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Family, Friends Celebrate a Special High School Graduate

Posted: 10/27/2015

Beverly Ofstie will never forget the day her son Jesse walked across the stage at his high school graduation in Southern Minnesota. “I’m not a crier, but I shed plenty of tears that day,” said Beverly.

They were tears of joy – and for good reason. Jesse, who has Rubinstein-Taybi syndrome and is nonverbal, overcame many challenges on the way to graduation. When Jesse’s name was called, the auditorium erupted into applause and a standing ovation. “I could see the joy on Jesse’s face,” said Beverly. “He was so proud of himself and so excited to be up there with his friends.”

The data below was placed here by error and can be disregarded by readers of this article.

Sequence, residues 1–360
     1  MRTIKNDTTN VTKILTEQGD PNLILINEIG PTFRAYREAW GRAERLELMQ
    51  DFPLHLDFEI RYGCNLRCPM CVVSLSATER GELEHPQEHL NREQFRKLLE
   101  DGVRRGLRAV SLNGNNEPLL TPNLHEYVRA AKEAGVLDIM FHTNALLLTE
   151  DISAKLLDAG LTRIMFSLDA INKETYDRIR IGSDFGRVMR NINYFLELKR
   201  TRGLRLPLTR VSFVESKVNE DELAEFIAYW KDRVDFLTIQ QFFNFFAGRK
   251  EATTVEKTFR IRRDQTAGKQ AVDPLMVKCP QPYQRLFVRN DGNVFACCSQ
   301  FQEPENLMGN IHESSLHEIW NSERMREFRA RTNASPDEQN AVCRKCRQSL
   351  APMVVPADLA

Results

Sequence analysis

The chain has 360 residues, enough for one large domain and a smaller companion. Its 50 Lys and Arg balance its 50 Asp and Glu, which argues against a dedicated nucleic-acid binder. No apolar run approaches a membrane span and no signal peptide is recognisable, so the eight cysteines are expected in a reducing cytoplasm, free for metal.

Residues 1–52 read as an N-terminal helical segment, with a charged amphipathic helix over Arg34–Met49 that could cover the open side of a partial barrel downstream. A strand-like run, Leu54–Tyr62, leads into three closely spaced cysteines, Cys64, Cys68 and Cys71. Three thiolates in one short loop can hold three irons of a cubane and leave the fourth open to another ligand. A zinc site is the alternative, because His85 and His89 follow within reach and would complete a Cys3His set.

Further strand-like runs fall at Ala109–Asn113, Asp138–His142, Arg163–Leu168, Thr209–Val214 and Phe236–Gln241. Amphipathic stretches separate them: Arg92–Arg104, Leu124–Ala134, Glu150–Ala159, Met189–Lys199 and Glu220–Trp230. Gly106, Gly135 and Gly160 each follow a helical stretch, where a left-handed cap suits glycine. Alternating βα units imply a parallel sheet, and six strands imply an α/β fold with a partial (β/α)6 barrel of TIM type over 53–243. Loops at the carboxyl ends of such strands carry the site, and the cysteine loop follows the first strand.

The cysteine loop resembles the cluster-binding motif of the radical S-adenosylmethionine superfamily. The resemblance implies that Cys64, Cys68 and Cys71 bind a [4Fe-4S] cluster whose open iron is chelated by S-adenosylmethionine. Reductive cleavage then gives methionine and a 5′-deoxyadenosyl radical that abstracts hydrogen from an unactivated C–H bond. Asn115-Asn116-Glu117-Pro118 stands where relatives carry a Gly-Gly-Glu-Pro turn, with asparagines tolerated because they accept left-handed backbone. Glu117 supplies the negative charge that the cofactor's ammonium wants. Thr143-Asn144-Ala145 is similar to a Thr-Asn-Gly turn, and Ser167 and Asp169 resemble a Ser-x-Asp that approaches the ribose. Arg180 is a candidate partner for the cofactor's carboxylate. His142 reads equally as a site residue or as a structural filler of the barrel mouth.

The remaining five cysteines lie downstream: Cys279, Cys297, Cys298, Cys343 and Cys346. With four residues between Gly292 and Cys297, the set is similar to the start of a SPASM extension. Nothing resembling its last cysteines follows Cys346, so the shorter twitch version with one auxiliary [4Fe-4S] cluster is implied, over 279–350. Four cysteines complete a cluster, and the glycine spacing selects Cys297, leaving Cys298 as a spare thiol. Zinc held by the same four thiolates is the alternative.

Though Jesse’s story has a happy ending, his experience with inclusion wasn’t always positive. Beverly faced countless hurdles in making sure Jesse was included with his typical peers in the classroom and recreational opportunities. “The school didn’t always understand the importance of inclusion,” said Beverly. “I had to educate them and show them how it could work.”

Beverly realized early on that her family needed extra support, so she reached out to PACER Center when Jesse was 3. She worked with PACER parent advocate Bonnie Jean Smith to create a plan to meet Jesse’s needs. Beverly attended PACER workshops and conferences and researched special education laws and services in the community. When mediation was needed to resolve issues with the school, Bonnie Jean was able to help. “PACER has been there for us for 15 years,” said Beverly. “They’ve given me the information and support I needed.”


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